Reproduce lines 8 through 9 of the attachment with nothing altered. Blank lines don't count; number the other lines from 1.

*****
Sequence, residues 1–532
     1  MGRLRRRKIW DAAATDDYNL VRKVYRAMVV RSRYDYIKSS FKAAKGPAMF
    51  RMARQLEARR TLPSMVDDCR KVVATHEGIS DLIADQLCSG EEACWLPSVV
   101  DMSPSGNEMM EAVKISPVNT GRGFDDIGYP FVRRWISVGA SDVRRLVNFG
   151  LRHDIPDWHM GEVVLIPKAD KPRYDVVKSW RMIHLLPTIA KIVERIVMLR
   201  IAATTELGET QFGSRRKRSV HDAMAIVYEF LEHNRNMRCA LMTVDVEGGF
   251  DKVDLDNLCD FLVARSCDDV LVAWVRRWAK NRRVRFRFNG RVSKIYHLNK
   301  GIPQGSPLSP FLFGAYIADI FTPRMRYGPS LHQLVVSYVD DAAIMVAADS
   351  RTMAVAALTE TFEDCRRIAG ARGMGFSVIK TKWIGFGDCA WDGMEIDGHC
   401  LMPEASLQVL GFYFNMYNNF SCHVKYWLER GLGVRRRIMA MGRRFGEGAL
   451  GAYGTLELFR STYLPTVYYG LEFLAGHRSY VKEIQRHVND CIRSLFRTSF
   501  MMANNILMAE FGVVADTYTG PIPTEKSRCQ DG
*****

   301  GIPQGSPLSP FLFGAYIADI FTPRMRYGPS LHQLVVSYVD DAAIMVAADS
   351  RTMAVAALTE TFEDCRRIAG ARGMGFSVIK TKWIGFGDCA WDGMEIDGHC